Wednesday, 1 February, 2023

The War of Kurukshetra and nuclear weapon

Chinmay Prasun Biswas

The term nuclear weapon is very much well-known in the world from World War II for its deadly power of devastation. The world witnessed it on 6th and 9th August, 1945 when the first (named Little Boy) and second (named Fat Man, so far last) ever nuclear bombs were dropped by the United States in Hiroshima and Nagasaki, Japan that caused more than 2,50,000 deaths and made thousands of others paralysed. Afterwards more powerful nuclear weapons have been developed. At present nine countries of the world possess nuclear weapons but some people hold the view that nuclear weapons existed around 2,500 years ago, during the days of Mahabharat.

The War of Kurukshetra in Mahabharat continued for 18 days. The horrific experience of these 18 days, written by Vedavyas, surpasses even modern warfare. Apart from countless deaths and destruction of huge resources, the subject that attracts the readers’ eyes is the weapons used in this war. From the descriptions of these bizarre weapons, there is reason to speculate that nuclear or similar weapons were used in the Kurukshetra War.

Archaeologists have unearthed radioactive radiation in a vast area near Jodhpur in Rajasthan, India. It was later learnt that this region belonged to the Harappan-Mohenjodaro civilisation. A search in the area by British archaeologist David Davenport yielded some evidence suggesting that there had been a massive eruption in distant past. Davenport took explosion for nuclear energy. He has written it in his book Atomic Destruction in 2000 BC (1979).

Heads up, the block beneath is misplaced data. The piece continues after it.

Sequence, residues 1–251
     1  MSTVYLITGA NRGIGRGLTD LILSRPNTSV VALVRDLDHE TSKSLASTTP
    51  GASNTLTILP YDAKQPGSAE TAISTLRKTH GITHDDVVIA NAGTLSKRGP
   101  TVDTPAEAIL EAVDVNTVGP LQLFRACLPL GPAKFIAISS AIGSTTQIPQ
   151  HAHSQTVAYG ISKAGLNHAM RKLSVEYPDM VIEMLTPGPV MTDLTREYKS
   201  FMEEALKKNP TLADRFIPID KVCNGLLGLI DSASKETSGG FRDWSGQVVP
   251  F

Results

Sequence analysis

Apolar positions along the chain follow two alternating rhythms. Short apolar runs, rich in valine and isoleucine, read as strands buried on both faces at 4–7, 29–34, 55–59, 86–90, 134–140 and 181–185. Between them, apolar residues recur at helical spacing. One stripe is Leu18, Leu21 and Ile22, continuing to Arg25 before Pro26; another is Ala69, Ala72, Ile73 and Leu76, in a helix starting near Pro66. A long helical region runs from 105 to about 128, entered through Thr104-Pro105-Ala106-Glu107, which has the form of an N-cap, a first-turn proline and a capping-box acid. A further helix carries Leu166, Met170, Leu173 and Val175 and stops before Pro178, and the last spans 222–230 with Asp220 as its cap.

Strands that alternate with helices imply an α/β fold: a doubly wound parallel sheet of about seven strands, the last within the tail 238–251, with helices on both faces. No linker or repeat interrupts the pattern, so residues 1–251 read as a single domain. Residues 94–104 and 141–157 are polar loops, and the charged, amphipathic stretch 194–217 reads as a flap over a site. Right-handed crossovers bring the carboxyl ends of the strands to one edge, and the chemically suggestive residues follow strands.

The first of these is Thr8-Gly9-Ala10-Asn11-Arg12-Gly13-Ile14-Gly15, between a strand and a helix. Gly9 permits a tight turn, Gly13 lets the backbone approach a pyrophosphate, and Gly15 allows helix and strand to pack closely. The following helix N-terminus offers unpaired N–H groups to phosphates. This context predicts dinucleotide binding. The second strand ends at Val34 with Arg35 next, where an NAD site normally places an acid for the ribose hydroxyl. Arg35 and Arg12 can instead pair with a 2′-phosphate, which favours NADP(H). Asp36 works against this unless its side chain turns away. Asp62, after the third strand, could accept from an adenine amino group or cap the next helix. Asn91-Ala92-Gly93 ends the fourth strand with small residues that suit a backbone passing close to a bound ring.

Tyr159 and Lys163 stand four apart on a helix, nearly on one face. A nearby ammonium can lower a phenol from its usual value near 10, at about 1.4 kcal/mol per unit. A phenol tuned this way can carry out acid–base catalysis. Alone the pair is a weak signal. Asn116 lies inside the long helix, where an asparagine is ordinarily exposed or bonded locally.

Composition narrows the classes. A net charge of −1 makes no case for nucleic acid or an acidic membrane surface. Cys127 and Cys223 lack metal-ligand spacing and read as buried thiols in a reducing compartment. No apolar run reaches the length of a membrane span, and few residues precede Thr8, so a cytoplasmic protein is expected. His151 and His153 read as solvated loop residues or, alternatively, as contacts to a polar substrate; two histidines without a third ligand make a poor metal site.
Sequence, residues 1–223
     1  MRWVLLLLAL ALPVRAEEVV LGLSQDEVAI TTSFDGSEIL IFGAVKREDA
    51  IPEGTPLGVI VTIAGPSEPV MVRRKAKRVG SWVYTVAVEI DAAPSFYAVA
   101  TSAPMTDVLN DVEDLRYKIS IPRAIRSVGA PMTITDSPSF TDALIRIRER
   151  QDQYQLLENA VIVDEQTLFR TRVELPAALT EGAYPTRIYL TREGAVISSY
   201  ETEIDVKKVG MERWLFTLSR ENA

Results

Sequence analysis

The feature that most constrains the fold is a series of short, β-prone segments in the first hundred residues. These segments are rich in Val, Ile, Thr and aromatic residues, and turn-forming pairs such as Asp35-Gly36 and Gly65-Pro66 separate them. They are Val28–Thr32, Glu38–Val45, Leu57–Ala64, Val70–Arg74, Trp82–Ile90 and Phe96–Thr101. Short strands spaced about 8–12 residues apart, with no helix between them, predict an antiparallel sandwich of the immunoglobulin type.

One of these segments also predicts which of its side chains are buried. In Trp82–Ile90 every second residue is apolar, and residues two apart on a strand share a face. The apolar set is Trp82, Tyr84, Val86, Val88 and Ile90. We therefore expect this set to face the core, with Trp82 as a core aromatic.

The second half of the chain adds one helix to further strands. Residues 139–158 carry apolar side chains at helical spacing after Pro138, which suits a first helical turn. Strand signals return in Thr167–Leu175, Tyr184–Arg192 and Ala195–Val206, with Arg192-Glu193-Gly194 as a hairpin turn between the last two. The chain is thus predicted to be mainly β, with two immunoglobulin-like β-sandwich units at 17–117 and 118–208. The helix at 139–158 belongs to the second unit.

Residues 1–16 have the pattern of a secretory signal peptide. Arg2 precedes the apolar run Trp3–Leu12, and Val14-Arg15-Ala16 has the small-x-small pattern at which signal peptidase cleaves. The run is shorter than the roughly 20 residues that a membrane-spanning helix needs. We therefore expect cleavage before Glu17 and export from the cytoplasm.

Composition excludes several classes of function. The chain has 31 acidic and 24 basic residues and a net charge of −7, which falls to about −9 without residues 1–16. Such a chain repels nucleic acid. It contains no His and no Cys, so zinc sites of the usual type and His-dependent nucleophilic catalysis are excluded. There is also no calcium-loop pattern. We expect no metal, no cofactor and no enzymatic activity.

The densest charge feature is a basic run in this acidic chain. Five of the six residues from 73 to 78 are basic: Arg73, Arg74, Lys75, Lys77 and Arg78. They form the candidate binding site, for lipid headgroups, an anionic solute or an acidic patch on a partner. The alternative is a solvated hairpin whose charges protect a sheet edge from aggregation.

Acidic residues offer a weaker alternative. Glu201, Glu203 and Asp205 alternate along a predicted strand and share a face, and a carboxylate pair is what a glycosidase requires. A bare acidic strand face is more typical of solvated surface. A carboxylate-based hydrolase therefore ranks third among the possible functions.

Davenport blamed a nuclear disaster for the destruction of the city of Mohenjo-daro but the question arises - who used such power in that era? From a molten brick and a green crystalline object in Mohenjo-daro Davenport reached this conclusion and claimed that use of this force has been mentioned the Mahabharat. But skeptic scholars have raised some more curious questions regarding the Manhattan Project, the US nuclear research project during World War II.

After the end of the Manhattan project, a student asked J Robert Oppenheimer ((who is also recognised as a pioneer of atomic bomb)) if his atomic bomb was the world’s first nuclear weapon. Oppenheimer replied, “In the context of modern era that’s right.” Then question arises, did he find any evidence of the existence of nuclear weapons in antiquity?

In the 12th verse of the 11th chapter of Srimad Bhagavad Gita, Sri Krishna says to Arjun: “If radiation equal to a thousand suns is seen in the sky, it must be considered as the manifestation of the superpower.” Being confused at hearing this utterance Arjun asks Krishna, “Who are you?’ Krishna replied that He is death, the destroyer of the earth. Later researchers questioned whether this radiation that equaled to thousand suns (as told by Sri Krishna) was an atomic bomb explosion. How it could be imagined in the Mahabharat era? It is certain that the War of Kurukshetra did not happen during the Indus Valley Civilisation but who can say that the technological knowledge of explosion was not active even during the reign of Kuru dynasty?